ActiveX Control Tutorial - Part 5
Before we get into the intricacies of control versioning and class IDs, let's talk about something much more important: how to replace that boring little toolbox picture that represents your control.
Open your control in Visual Basic and select the 'UserControl' object from the Properties window. This displays all the properties of your control. Find the ToolboxBitmap property and use the ellipsis to set an appropriate picture file.
The size of the toolbar bitmaps is about 16 x 15 pixels but don't worry if you're slightly out, Visual Basic will automatically resize the image for you.
If you're getting desperate for images, you might want to check out the samples that ship with Visual Basic usually in the Program Files\Microsoft Visual Studio\Common\Graphics folder.
Compiling your Control
Every time you compile your OCX control, Visual Basic assigns it a unique class ID. For example, my control was assigned the ID "DF2785AB-AA42-4EEB-9C4B-566B3B70E340".
Let's say your friend, erm, Mr Wibbleshaw, has decided to use your control in his latest program. When he distributes his creation, the setup package naturally bundles your control too.
Now here's something you need to understand: when one of Mr Wibbleshaw's forms needs to display your control, it shouts out, "Hey, I'm looking for control DF2785AB-AA42-4EEB-9C4B-566B3B70E340" and hopefully the control comes running along and plonks itself on Wibbelshaw's form.
So in other words, his application references your control by that automatically generated and guaranteed unique class ID.
And that makes sense. After all, if your control was called 'Nice Text Box' and someone else wrote a 'Nice Text Box' too the incorrect control could accidentally be displayed. And that control probably wouldn't support the same properties and methods as the first proper one.
So basically, programs use class IDs to point to (or 'reference') controls. But what if news hits the town that you've created a new and improved version of your control? All your users rush and install it, including the chaps that use Mr Wibbleshaw's program.
What will happen?
Well, every time you compile your control, Visual Basic creates a new class ID for it. That means Mr Wibbleshaw's program would probably be best using the new and improved control but is still looking for the old ID. And since you recompiled the control, it has a new ID.
Confused? Yeah, me too. But the point of this wonderfully written story is that each time you compile your control, it really must stick with the same ID. If it doesn't, it means the developer using your control has to recompile his program with your new control so it remembers the new class ID.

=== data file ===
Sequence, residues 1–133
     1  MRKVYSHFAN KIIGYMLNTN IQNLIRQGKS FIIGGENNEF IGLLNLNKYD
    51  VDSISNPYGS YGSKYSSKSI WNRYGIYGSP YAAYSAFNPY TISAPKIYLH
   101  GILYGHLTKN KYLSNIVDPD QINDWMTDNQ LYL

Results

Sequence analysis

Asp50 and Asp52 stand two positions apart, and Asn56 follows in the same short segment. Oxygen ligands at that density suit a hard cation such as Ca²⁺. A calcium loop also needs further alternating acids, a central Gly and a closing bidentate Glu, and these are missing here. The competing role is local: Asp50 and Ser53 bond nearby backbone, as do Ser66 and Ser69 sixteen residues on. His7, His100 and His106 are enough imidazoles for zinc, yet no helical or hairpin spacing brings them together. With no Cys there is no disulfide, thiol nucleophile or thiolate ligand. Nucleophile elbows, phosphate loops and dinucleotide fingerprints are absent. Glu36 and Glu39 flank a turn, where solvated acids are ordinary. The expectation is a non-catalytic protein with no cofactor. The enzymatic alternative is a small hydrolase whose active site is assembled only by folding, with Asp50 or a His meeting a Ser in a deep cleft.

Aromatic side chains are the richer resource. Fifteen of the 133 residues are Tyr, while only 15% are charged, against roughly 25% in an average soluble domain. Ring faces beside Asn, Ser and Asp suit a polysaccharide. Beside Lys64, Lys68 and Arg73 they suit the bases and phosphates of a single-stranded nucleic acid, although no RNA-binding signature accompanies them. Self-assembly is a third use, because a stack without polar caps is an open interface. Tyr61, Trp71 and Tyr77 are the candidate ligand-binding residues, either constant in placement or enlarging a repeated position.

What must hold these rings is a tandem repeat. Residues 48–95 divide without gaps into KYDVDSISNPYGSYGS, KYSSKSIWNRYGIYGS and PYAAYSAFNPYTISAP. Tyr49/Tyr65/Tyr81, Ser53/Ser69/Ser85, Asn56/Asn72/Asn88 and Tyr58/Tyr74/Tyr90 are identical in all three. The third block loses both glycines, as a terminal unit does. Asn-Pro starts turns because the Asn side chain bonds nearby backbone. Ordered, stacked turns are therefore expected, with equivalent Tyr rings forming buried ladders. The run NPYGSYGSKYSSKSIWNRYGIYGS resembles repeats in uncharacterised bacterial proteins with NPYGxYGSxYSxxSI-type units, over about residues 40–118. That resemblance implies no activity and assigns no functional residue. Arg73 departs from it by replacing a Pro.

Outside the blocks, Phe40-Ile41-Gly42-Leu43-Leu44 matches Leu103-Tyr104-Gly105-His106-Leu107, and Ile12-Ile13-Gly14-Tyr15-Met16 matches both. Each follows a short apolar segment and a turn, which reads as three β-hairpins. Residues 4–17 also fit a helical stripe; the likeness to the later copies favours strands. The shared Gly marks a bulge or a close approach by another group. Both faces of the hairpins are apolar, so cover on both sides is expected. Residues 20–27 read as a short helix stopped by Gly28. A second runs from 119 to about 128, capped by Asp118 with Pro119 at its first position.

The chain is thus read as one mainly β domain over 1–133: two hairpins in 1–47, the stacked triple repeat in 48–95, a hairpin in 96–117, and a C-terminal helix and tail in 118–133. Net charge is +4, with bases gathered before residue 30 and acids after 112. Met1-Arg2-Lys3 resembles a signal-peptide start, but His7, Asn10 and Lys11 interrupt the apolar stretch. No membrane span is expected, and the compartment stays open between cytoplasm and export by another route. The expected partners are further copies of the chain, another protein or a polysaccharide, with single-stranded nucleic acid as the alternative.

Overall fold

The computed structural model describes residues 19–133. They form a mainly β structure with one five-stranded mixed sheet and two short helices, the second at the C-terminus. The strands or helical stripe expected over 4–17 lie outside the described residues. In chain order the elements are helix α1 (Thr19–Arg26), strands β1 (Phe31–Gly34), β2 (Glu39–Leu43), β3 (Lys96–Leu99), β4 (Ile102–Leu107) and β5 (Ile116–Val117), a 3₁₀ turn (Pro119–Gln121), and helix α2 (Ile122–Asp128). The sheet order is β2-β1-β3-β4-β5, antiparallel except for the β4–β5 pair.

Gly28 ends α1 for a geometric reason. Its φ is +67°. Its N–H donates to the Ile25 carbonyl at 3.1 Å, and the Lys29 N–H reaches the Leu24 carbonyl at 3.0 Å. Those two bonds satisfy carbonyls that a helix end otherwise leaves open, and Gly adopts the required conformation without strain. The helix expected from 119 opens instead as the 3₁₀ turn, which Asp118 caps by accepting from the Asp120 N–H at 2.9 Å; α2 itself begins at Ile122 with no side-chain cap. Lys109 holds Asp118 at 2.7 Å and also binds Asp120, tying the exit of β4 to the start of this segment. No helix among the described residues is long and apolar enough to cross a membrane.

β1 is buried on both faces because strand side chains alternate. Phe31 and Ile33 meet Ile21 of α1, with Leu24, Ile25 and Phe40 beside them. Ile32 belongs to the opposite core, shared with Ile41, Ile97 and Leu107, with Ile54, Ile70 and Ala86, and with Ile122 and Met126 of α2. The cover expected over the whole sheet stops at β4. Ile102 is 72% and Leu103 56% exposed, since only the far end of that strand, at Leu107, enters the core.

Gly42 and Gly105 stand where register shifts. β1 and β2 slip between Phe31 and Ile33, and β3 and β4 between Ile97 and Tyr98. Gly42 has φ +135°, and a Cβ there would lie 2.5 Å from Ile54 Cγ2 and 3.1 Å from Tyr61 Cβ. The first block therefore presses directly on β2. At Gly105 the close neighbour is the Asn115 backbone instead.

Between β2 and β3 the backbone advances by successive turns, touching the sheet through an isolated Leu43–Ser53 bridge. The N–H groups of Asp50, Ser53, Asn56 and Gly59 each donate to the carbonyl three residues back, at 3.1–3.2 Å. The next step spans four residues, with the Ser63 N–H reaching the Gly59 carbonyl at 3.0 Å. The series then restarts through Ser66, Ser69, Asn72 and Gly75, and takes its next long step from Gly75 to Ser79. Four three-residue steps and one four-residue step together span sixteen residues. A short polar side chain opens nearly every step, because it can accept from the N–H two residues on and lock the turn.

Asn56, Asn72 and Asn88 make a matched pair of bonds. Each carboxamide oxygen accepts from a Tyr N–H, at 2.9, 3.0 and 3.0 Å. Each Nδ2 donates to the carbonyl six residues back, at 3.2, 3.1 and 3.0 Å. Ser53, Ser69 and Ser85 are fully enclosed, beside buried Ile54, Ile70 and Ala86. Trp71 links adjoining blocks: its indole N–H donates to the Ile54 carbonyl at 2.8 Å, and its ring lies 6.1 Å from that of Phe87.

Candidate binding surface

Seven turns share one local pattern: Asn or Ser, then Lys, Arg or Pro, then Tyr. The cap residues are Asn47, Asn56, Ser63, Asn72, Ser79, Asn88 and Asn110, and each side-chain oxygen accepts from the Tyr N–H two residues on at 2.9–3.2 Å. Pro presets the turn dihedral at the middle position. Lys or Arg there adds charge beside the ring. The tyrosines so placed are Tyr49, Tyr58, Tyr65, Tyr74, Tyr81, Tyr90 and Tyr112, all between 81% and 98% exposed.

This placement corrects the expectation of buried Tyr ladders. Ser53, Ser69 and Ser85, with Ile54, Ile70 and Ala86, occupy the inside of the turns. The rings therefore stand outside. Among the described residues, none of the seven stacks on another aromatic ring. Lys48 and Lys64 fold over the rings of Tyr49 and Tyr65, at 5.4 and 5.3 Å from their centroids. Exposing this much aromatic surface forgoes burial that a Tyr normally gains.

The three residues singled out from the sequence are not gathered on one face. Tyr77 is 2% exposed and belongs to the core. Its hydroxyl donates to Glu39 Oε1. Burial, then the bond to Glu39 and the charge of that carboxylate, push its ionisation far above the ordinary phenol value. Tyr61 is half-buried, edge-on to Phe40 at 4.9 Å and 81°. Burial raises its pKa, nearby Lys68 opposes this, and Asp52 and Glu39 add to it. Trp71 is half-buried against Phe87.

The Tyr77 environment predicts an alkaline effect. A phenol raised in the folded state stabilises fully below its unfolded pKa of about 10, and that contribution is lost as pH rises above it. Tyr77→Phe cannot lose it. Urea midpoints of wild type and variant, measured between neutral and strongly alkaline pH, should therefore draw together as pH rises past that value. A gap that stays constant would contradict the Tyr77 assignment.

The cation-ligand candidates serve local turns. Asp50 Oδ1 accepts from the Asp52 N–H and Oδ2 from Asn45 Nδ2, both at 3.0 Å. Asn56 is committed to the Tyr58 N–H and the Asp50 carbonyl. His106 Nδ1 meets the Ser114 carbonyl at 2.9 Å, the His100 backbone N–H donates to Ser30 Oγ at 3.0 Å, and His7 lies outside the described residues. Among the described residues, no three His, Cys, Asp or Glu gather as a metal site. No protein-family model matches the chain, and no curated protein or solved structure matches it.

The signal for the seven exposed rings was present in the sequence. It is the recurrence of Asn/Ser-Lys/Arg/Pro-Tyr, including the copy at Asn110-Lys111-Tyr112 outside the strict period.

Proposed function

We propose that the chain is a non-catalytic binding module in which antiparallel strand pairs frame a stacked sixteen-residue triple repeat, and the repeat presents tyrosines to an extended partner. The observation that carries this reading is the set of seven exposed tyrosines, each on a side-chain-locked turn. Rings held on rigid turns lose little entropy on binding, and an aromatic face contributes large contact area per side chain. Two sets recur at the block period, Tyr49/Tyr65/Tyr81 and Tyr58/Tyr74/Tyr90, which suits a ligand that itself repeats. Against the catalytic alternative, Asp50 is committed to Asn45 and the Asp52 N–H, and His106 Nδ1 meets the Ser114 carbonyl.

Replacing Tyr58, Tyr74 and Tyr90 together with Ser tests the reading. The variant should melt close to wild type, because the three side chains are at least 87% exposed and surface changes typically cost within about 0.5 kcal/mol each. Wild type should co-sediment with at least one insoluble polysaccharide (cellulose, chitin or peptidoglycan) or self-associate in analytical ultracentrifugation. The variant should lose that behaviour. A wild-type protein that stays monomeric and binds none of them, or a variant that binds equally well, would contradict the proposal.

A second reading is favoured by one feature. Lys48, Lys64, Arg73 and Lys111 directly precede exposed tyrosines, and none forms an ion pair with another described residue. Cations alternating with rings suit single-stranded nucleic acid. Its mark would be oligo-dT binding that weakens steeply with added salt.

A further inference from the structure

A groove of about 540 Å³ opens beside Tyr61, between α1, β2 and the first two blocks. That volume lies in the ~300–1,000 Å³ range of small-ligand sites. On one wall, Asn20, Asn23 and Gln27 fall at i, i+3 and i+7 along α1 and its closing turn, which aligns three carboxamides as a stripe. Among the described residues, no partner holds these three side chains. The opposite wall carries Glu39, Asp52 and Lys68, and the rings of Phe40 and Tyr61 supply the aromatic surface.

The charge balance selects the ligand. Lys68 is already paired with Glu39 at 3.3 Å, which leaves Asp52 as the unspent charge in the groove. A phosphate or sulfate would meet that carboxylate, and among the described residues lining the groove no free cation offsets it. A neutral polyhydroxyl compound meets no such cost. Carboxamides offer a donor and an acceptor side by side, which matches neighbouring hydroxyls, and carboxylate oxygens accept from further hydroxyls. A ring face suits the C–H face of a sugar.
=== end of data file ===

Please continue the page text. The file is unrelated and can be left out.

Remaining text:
You can keep your ID the same by clicking on Project, Properties in your project after creating your final ready-for-distribution OCX. Click on the 'Component' tab and in the Version Compatibility frame, select 'Binary Compatibility' and choose your freshly compiled OCX file.
Now, everytime your project tries to compile, it will use the same class ID as the OCX file you just pointed to.
It's worth noting that sometimes you can't maintain compatibility between versions of your control because you've made such major changes still, if you've set the above Binary Compatibility, Visual Basic will at least warn you first.
Ever been in the middle of testing your application, when one of those horrid grey 'Error' boxes appears, offering you the option of Debugging or Ending your program? Oh, choices, choices.
Well, it's time to get revenge. You can raise your very own errors within controls by using Err.Raise()
Let's say you created some database control with a 'Username' property. And you didn't want your user to choose the name 'sa'. Let's look at how we could handle this in code:
Public Property Let Username(New Username As String) If NewUsername = "sa" Then Err.Raise vbObjectError + 101, "Username Property", _ "Cannot specify username 'sa'"Else mstrUsername = NewUsernameEnd If End Property
This raises an error in the application attempting to set your control's Username property. Groovy? I think so.
Top Tip: To find out more about raising errors within your control, look up the 'Raise Method' (Visual Basic Reference) in the Visual Basic help files.
If something goes wrong in your own code that you can't handle, you could try 'passing back' the error to the developer using your control. Once again, you could simply use Err.Raise() this time, in your error handler. You'd be raising an error that you received or rather, passing it back.
Resizing your Controls
In our sample Text Box control, we didn't have to worry about resizing too much. We simply set the dimensions of our Text Box to the dimensions of the UserControl object.
However if we were dealing with more complex items such as a File Open dialog box that needed to perfectly resize all the controls within it you'd need to get much more technical. You'd be dividing heights by three, multiplying the square root of 18 by the width of your control, then taking away the number you last thought of... and so on.
Trust me, resizing work can get pretty complicated. So you might want to think about purchasing one of the many resize controls available that simply does it all for you try checking out our ReSize OCX review for size.
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